Profitability is NOT a Four-Letter Word!

January 15, 2018

Strategic Planning benefits veterinary hospitals, too!

Week 3 = We finish this 3-part series with what to cover during a strategic planning meeting and recognizing that it ultimately impacts profitability.

The last two weeks have covered why to create a plan, who should be involved and the first steps. We finish with a discussion on the actual meeting.  Ultimately, it’s to help increase profits. Small businesses that have a defined mission statement and a strategic plan are 10-12% more successful than those that don’t bother.

— Strategic Planning, Bain & Company, 2015

  • Remember Alice in Wonderland: “I just wanted to ask you which way I ought to go?”
  • The Cheshire cat: “Well, that depends on where you want to get to.”
  • Alice: “Oh, it really doesn’t matter, as long as I…”
  • Cat: “Then, it really doesn’t matter which way you go.”


Create a Strategic Planning Session

While participating in and facilitating a number of strategic planning sessions, I have learned engagement is enhanced when the attendees are given a road map to follow in the planning process. In addition, people contribute more when they understand that there is accountability, follow-through and celebration.

The process can be fun, educational and create synergy among team members. Yes, strategic planning can be ALL that while ultimately increasing team satisfaction, client service, patient care and profitability (WOW!).

Step 1: Get Organized

After the need for a strategic plan and the participants have been identified, set a time (roughly three to four uninterrupted hours) and location for the collaboration.  Provide materials to support the process (defining mission, values and vision statements, current budget, current statistics and any survey results). Identify a facilitator (either from within the clinic or an outside person).

Step 2: Be Objective

One tool for objective evaluation is through a SWOT analysis (Strengths, Weaknesses, Opportunities, Threats). Have the group consider what is working well, what needs improvement, what opportunities or untapped resources are available and what possible challenges might there be. Establish ground-rules supporting innovation and creativity.

Step 3: Think BIG! Be BOLD!

Ensure the time in planning is creative, inventive and an option to explore what can be. Yes, the facilitator will help the team consider the current circumstances (where we are), but the focus is on the FUTURE and what can BE. Test assumptions, be creative and “throw it all out on the table” for exploration.

Step 4: Generate a Plan

Define the format in which to work. SMART Goals or Fill in the Gaps are ways to create a plan. I prefer to help the team determine where they are (tangible, with current stats) and where they want to be (without boundaries in creativity), then fill in the gaps (how to make it happen with outline of resources). Use SMART Goals to establish champions (lead people), time frames and measurements guidelines.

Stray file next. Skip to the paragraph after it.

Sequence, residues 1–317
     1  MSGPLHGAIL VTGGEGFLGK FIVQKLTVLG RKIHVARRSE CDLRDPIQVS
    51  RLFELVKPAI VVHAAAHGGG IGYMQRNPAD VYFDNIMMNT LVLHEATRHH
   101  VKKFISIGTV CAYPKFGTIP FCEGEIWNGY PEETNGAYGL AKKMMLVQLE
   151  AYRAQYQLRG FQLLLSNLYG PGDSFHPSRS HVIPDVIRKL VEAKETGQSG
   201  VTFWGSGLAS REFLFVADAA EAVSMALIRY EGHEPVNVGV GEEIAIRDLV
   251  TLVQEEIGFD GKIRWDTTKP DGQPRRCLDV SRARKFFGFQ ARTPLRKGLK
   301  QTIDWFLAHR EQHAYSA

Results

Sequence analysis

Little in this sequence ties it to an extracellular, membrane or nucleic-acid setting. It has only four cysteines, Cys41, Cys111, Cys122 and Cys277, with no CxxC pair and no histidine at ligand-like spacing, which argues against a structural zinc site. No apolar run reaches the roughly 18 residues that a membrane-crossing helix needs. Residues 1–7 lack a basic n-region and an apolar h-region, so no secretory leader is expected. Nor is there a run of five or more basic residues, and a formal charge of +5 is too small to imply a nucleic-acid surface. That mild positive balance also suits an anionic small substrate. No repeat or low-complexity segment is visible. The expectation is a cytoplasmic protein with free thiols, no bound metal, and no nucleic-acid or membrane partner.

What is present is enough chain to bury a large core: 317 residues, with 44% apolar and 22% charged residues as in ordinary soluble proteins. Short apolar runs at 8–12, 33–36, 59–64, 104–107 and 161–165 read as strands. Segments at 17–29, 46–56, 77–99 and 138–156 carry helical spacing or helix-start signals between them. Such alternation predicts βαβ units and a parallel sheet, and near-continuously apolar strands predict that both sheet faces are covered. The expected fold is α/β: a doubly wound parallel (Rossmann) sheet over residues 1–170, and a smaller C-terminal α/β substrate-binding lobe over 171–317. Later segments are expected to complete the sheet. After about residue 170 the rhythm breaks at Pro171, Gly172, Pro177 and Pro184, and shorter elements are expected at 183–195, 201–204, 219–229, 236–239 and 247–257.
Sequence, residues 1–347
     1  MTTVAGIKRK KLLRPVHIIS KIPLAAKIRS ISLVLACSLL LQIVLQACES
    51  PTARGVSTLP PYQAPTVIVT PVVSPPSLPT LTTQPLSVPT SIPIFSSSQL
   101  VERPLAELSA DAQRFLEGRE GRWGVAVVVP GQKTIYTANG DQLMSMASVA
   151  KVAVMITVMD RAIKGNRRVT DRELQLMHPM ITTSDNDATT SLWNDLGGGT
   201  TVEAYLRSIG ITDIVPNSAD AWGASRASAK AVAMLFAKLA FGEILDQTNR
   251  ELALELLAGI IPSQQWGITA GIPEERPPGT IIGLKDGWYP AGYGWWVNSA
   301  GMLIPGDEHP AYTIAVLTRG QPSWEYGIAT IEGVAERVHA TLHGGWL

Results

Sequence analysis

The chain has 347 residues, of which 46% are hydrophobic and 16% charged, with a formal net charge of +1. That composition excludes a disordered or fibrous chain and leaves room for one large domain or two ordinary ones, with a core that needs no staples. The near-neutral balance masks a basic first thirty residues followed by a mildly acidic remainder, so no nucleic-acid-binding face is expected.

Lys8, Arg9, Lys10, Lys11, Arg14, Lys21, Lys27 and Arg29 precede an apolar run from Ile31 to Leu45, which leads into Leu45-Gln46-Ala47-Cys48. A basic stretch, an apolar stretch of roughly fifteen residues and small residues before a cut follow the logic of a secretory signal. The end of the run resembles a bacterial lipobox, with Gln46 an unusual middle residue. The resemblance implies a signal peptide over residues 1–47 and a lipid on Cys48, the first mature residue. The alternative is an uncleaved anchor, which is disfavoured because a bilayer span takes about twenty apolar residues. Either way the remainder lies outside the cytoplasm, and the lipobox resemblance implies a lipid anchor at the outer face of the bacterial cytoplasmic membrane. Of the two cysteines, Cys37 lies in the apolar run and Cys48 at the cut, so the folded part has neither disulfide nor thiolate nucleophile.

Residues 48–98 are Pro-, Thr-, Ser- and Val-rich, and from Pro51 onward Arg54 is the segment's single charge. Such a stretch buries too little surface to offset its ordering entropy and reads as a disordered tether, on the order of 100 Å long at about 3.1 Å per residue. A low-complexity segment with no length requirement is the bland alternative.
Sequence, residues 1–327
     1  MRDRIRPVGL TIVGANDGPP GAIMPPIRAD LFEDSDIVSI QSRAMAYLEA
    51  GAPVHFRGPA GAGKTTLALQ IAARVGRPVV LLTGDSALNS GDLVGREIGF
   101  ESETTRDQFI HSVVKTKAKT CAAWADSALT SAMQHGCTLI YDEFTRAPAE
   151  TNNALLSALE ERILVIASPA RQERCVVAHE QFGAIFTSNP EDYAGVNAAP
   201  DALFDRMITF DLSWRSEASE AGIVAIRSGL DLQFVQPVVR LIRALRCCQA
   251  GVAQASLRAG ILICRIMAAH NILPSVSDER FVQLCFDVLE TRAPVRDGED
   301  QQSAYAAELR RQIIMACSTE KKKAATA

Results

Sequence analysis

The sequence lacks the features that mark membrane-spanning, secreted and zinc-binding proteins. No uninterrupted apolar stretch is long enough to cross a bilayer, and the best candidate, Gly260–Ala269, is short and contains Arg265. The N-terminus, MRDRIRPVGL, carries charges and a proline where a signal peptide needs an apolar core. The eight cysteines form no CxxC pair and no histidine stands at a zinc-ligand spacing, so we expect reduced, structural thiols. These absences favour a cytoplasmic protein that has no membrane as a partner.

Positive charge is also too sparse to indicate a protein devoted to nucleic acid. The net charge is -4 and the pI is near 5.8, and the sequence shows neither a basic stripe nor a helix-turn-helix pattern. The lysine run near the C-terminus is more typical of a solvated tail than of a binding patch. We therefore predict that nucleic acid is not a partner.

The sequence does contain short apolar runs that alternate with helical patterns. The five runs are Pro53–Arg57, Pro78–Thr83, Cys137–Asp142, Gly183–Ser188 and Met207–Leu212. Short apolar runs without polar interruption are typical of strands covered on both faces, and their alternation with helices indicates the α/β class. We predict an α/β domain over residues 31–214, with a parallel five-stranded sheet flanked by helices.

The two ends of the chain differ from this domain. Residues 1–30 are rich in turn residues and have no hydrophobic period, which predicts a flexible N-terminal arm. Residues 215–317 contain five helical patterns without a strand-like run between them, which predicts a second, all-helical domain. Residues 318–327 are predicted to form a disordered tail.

Step 5: Execute

Teams may be over zealous in their commitments to “get ‘er done.” Set them up for success by focusing only on a few objectives at a time. Small successes lead to BIGGER ones!

Management should continue to work with the champions, establish “check-in” points and continually offer resources and support in obtaining the goal. While carrying out the goals, obstacles or opportunities may arise that alter the course. Regroup as needed to ensure the project continues to move forward.


A valuable aspect of strategic planning is recognizing when a goal or project has been accomplished and acknowledge it. Determine ahead of time how to celebrate and DO IT!

Impacting Profitability

Earlier, the statement indicated small businesses with a mission and strategic plan had an increased revenue of 10-12%. Why does that occur? Simply because the team has a focused path and a common purpose.

Well designed and executed strategic planning session with a diversity of individuals create engagement, understanding and enthusiasm for the goals (in my experiences). Buy-in occurs when team members feel like part of the process and are valued for their ideas.

To track profitability, the management team must have a solid understanding of the current financial position and hospital statistics such as client retention and loss, and average daily transitions.

Then Key Performance Indicators (KPIs) should be identified which they can then track over the next 12 months. Four examples of KPIs worth tracking are client satisfaction, revenue, inventory and client retention.

Identify goals that are tangible and measurable. As an example, “We want more clients” is a good goal, but not measurable. “We want to retain 90% of our current clients and grow the client base by 10% over the next 6 months.” Now that’s a great, measurable goal!

You GOT this!

Taking the time and energy to define a strategic plan leads to an abundance of benefits. The people involved and the way the process is initiated is flexible. Finally, there are many tools available to assist in the development of an effective strategic plan. By following through with the goals and tracking KPIs, you too can grow your practice.

It all adds up to a functional, defined path that will take the team in the best direction. After all, to quote from George Harrison’s song “Any Road,” “If you don’t know where you’re going, any road will take you there.”

Yours in Planning for Profit!

Rebecca Rose, CVT


Further Reading
How CATALYST VetPC can help with your strategic planning.
7 Benefits of Strategic Planning, Strategic Management Resources, Helen Mitchell, 2006.
Strategic Planning, Bain & Company, June 10th, 2015.

Select your Strategic Planning Team, Eric Olson.

How to do a SWOT Analysis for Your Small Business (with examples):